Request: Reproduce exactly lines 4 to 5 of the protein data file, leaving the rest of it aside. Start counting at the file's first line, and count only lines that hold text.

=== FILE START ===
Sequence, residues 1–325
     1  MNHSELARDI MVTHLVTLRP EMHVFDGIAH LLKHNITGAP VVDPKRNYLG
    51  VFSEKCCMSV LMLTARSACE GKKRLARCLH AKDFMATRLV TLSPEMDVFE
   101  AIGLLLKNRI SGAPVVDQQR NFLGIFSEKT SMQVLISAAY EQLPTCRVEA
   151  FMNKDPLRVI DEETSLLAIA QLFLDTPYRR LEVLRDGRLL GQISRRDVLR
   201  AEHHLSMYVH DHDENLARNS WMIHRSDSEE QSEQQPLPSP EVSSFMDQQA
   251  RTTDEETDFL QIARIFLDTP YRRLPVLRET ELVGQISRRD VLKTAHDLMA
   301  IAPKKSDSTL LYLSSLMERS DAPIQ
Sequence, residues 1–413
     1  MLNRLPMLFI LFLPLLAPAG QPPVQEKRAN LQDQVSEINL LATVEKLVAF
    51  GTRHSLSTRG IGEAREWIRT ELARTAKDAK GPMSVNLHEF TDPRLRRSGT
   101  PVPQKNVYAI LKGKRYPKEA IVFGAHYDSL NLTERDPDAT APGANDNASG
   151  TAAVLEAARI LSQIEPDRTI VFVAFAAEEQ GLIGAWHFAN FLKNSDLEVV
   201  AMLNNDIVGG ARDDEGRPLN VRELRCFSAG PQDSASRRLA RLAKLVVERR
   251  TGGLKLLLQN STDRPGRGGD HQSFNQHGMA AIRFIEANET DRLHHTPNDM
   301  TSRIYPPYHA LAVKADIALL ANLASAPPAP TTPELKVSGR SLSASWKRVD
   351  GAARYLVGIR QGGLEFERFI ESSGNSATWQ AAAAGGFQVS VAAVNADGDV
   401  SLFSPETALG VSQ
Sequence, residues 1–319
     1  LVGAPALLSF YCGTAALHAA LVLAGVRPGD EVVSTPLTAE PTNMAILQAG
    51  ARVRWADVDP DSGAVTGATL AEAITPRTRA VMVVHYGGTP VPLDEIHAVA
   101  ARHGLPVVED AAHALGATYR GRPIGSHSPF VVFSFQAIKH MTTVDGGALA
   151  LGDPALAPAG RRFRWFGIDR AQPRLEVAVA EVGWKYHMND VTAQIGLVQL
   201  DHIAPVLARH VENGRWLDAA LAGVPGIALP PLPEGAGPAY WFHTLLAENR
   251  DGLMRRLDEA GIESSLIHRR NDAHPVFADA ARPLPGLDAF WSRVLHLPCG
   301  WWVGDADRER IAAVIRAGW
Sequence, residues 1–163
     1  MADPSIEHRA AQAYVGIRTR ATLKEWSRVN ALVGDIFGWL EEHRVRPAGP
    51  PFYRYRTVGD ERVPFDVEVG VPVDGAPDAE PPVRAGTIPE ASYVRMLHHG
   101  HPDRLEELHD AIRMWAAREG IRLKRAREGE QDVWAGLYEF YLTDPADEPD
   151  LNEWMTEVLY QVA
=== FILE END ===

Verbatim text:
   101  AIGLLLKNRI SGAPVVDQQR NFLGIFSEKT SMQVLISAAY EQLPTCRVEA
   151  FMNKDPLRVI DEETSLLAIA QLFLDTPYRR LEVLRDGRLL GQISRRDVLR